History of the Fish Passage

Powering the Rebirth of Our Mighty Blackstone
Bringing Migrating Fish Back to Our Valley
A Historic Valley
Most people in the Blackstone River Valley are familiar with its industrial history, however they may not be as familiar with the impacts of this industry.
At one time, the Blackstone was a wide, wild river—habitat for many species of fish and other wildlife. The Blackstone was breeding territory for shad, herring, and even Atlantic salmon. These are andromous species which hatch in freshwater, migrate to the ocean, and return to their native river to breed (spawn).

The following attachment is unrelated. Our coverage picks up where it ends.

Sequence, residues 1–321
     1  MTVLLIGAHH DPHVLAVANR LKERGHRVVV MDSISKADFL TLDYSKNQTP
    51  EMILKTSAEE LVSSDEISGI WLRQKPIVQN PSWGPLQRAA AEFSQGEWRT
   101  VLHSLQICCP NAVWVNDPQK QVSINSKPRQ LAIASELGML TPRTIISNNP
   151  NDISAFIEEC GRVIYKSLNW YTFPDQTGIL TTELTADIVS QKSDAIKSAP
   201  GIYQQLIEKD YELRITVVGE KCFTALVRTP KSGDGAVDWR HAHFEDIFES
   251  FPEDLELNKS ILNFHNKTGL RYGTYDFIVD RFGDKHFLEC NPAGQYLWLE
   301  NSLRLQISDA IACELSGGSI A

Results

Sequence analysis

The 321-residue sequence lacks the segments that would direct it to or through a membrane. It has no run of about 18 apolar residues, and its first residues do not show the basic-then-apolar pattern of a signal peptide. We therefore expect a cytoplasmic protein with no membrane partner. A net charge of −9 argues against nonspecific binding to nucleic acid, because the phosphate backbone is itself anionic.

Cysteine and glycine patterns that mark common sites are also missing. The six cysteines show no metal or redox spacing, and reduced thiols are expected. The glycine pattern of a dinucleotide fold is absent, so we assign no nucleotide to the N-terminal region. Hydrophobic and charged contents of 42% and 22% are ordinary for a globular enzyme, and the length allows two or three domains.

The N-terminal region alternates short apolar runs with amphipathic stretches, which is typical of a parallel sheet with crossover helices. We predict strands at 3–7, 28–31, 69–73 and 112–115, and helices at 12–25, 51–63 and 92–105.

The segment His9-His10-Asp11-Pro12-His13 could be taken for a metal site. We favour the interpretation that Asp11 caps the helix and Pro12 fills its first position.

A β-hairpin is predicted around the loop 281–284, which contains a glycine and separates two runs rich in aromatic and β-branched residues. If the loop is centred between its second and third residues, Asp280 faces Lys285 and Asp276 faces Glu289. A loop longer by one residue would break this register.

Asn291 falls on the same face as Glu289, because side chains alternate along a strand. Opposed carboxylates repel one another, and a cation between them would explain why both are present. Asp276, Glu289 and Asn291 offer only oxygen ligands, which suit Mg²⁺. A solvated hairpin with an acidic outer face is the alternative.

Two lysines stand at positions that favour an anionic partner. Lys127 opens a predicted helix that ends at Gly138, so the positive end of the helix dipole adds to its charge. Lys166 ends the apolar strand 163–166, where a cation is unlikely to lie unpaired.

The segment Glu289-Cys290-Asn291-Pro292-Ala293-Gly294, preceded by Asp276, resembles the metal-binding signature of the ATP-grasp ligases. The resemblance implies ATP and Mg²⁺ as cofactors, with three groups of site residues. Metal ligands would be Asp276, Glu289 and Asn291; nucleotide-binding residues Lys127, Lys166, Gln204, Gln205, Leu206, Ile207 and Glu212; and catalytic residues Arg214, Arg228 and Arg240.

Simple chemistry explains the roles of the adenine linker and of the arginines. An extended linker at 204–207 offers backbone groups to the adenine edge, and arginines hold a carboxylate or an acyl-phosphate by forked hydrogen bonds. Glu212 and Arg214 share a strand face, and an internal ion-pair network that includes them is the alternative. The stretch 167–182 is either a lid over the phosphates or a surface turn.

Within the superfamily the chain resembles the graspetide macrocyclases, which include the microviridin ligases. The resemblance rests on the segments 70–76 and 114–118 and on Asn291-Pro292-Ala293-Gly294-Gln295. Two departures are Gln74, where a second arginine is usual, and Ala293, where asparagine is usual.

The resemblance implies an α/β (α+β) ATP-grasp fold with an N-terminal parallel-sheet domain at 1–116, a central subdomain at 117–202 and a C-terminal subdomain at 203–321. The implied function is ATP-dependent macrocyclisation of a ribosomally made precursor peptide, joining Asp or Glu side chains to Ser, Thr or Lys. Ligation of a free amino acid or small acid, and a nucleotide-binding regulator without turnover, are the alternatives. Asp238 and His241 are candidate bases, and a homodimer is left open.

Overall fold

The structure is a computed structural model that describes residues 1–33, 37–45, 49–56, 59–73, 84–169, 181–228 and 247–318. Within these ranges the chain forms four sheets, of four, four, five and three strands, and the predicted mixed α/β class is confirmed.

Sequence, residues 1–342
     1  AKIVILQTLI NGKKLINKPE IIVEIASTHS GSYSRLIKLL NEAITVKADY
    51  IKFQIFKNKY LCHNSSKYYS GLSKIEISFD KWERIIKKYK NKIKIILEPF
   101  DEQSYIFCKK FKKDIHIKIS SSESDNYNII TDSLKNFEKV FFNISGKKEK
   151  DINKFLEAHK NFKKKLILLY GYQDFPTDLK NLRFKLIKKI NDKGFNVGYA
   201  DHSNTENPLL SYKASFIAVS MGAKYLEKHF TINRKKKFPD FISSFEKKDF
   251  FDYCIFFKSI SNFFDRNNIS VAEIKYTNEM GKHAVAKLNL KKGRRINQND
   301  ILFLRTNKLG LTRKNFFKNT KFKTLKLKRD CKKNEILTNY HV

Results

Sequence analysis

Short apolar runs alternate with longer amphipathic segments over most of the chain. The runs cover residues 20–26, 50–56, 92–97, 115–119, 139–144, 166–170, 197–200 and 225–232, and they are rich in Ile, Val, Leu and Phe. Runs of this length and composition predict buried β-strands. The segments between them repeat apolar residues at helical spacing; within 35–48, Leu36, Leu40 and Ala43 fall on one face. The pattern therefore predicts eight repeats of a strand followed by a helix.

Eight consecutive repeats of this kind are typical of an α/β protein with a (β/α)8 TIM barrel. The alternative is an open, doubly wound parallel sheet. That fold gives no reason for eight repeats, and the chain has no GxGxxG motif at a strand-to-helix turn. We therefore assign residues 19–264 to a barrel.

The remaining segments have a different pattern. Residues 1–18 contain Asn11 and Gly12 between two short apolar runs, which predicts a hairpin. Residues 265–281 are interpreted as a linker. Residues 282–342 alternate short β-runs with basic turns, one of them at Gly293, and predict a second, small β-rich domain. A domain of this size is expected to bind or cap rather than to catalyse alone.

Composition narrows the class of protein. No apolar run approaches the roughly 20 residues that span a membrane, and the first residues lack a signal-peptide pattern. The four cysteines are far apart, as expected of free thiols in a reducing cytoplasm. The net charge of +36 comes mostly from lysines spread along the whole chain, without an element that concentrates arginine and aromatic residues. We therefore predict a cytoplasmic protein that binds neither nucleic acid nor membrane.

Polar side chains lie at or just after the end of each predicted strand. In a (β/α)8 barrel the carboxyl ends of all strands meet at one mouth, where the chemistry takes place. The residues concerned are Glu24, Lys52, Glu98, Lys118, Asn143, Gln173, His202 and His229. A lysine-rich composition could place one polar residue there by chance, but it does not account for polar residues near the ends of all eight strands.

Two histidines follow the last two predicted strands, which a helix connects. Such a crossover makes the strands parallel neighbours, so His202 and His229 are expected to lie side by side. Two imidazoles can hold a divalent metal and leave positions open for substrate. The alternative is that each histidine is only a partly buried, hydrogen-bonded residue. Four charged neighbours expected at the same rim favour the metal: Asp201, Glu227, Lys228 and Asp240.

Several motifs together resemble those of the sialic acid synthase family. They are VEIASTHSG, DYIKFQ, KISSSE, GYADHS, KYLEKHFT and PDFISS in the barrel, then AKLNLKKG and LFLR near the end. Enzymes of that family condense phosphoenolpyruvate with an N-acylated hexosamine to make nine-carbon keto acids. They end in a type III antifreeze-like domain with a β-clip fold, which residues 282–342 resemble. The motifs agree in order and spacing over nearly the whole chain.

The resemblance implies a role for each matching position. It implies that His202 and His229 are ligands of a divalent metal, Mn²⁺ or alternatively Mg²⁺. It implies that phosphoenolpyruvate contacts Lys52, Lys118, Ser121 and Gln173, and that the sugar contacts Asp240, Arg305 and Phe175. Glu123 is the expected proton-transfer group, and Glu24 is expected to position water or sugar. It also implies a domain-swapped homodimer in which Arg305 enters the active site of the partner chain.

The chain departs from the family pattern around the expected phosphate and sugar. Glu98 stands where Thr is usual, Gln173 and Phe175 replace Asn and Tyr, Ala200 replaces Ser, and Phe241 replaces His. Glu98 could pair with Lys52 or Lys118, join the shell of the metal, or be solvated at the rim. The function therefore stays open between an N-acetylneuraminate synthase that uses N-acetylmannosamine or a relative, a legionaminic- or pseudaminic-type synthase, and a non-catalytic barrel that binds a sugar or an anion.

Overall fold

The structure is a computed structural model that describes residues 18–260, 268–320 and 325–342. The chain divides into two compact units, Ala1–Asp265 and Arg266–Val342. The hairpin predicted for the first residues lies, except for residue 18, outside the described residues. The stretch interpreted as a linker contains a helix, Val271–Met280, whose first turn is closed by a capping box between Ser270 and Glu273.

Deterioration of the River
The construction of Slater Mill Dam in 1793 initiated the decline of anadromous fish in our area. Dams and mills along the river blocked migration and contributed to heavy pollution of critical habitat.
Bringing the River Back
In the past 30 years, the Blackstone has seen dramatic improvements. As a result of community efforts and environmental legislation (especially the Clean Water Act of 1972), freshwater fish and wildlife are abundant, and people are once more enjoying nature along the Blackstone.
What are the next steps for bringing the fish back?

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